Rep. Cardiss Collins (D-Ill.) canceled an oversight hearing this week into what she described as evidence of "theft and fraud" at Amtrak after the president of the passenger rail service and a railroad union official urged her to delay it.
Collins had announced in a sharply worded news release last week that she would "thoroughly investigate" allegations involving an Amtrak "slush fund" and a "cover-up" by top officials. But last Monday, two days before witnesses were to appear before her Government Operations subcommittee on transportation, Collins said there would be no hearing until uncertainty over Amtrak's budget is resolved.
Amtrak President W. Graham Claytor Jr. asked Collins to postpone the hearing in a letter last week, saying he is working full time to defeat President Reagan's proposal to end federal subsidies to Amtrak. Collins agreed to drop the hearing when Jim Snyder, legislative director of the United Transportation Union, which represents about 10,000 Amtrak employes, also urged her to do so.
A Collins aide said she hopes to reschedule the hearing this spring, but wanted to avoid jeopardizing efforts to continue a $684 million federal subsidy to Amtrak next year.
"I will not give ammunition to those in the White House who are plotting to kill Amtrak and place thousands more of Amtrak's union employes on the street," Collins said in a statement. " . . . The cover-up I found will unfortunately reduce Amtrak's credibility as we in Congress try to save it."
Claytor asked Collins in a Feb. 26 letter if she would "have your hearing rescheduled for sometime later this year." He said he was busy meeting "with as many members of Congress as I can possibly see in the coming weeks in order to explain the consequences of providing no federal funds for Amtrak."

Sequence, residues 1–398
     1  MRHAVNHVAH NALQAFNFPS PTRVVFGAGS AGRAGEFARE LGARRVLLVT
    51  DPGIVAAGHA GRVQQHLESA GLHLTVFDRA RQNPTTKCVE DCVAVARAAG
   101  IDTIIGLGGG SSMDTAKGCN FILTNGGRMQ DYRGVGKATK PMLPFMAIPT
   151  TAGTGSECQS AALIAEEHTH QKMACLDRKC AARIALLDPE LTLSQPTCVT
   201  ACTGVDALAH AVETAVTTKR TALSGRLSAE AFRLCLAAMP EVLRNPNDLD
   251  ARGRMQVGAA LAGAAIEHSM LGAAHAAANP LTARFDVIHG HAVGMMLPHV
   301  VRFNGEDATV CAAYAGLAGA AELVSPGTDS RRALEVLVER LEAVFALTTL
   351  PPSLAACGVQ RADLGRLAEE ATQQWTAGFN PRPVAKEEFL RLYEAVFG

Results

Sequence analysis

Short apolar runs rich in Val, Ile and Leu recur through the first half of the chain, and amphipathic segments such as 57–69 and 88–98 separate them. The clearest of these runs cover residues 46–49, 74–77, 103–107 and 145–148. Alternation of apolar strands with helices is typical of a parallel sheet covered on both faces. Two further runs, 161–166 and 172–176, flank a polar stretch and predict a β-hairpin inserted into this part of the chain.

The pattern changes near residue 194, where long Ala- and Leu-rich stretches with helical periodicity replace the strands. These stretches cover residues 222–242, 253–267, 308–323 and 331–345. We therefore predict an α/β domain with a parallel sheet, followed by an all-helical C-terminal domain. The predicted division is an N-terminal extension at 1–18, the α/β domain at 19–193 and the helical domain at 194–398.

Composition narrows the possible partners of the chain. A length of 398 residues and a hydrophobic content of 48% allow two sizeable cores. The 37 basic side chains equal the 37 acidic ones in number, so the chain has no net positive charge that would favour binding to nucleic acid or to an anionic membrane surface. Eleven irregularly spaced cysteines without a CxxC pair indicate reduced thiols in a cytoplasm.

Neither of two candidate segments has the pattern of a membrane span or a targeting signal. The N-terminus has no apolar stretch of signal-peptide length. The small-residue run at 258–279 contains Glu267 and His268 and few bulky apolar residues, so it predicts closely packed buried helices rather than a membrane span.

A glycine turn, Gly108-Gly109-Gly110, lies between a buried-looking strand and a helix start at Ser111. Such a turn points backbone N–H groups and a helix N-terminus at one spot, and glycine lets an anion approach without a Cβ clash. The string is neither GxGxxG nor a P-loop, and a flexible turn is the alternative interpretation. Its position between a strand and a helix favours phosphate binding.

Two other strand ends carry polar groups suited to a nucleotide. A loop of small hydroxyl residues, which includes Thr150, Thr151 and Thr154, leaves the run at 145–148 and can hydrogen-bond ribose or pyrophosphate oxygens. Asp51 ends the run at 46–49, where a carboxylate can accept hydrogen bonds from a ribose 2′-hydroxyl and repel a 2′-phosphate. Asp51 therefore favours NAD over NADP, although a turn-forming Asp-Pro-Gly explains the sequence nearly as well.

Collins first wrote Claytor that she would not defer the hearing but changed her mind this week, Amtrak spokesman Sue Martin said.
Snyder said he asked Collins this week "just to delay or postpone the hearing until after we see where we're going on Amtrak. We just thought the timing on it was not good . . . . We can just be in so many places at one time." In her release, Collins said that Amtrak officials in Chicago have used an emergency equipment fund to "purchase tools for their personal collections, obtain paint and replacement parts for their private autos and place unauthorized stereos in company cars."
Collins said some officials also have stolen Amtrak equipment, and that an investigation by Amtrak police was "astonishingly inept."
"Amtrak underreported the magnitude of the crimes and the involvement of management officials to local prosecutors and to this subcommittee in order to protect them," her release said. " . . . Although at least a half-dozen management employes were involved or benefited from the scheme, none were punished . . . . "
Martin said that Amtrak "discovered the problem" and fired some employes involved. "We feel confident that we handled it fairly and fully, and that when Collins does hold her hearing nothing to the contrary will emerge," she said